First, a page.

That hint actually works as a confusion, I don't to be honest get what it is trying to tell. Could someone please explain?



    I think because
    pass-by-reference = arrays and strings
    pass-by-value = int, char, boolean, and double?


    Idk someone could probably explain better.
     
    Liutauras Vilda
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    Campbell Ritchie wrote:I thought it meant to have two copies of the array, one before and one after shuffling


    I thought that too, but what significance has "Because arrays are pass-by reference you may find it easy". One can pass those arrays in the same way as two primitives would. So really that hint has nothing to do.. with anything actually.
     
    Jon Fil
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    So do you guys suggest that I should change the shuffle() method?
     
    Liutauras Vilda
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    Jon Fil wrote:So do you guys suggest that I should change the shuffle() method?


    Did you verify in the way it is suggested in instructions? Meaning to have 2 decks: 1 unshuffled and 1 shuffled, and so compare the difference how many cards reside in different positions from their originals.
     
    Jon Fil
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    Liutauras Vilda wrote:

    Jon Fil wrote:So do you guys suggest that I should change the shuffle() method?


    Did you verify in the way it is suggested in instructions? Meaning to have 2 decks: 1 unshuffled and 1 shuffled, and so compare the difference how many cards reside in different positions from their originals.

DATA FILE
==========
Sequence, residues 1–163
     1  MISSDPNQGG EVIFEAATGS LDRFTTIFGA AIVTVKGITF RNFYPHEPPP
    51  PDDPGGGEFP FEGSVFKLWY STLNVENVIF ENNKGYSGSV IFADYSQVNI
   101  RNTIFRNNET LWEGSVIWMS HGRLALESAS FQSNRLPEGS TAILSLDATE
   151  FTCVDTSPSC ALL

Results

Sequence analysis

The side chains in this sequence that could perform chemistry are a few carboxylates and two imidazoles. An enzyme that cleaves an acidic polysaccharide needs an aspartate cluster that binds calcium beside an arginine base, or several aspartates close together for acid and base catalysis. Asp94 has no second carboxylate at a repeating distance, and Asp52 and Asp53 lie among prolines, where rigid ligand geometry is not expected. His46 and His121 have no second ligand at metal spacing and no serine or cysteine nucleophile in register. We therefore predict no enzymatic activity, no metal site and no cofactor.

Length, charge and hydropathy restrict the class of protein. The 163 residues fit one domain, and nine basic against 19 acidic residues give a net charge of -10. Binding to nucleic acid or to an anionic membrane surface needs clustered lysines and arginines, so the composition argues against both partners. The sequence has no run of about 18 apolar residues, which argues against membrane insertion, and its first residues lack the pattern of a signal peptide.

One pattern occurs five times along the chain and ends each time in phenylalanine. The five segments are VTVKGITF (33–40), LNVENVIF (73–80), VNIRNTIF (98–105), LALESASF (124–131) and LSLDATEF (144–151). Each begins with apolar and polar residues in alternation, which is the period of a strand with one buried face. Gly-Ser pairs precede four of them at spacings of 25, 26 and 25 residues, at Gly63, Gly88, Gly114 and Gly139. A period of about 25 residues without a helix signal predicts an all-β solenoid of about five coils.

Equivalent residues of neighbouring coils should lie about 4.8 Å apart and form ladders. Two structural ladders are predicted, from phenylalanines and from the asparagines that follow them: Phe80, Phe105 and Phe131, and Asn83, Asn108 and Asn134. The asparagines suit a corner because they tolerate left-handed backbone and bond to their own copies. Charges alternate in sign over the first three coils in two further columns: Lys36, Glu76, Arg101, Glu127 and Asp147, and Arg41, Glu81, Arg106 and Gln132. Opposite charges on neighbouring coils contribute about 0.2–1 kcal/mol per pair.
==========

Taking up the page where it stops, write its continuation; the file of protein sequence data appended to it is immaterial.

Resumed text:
Have 2 decks in the JUnit test?
    Or 2 decks in Deck class?

     
    Junilu Lacar
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    Java veterans know that the statement "arrays are passed by reference" is misleading at best. All parameters in Java are passed by value, even references to objects, which includes arrays. Always. No exceptions. The hint was written with a specific implementation in mind so I agree that it would be practically useless to anyone who doesn't already know what that implementation is.

    If I were to write the test, I'd do it this way:
     
    Jon Fil
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    Junilu Lacar wrote:Java veterans know that the statement "arrays are passed by reference" is misleading at best. All parameters in Java are passed by value, even references to objects, which includes arrays. Always. No exceptions. The hint was written with a specific implementation in mind so I agree that it would be practically useless to anyone who doesn't already know what that implementation is.

    If I were to write the test, I'd do it this way: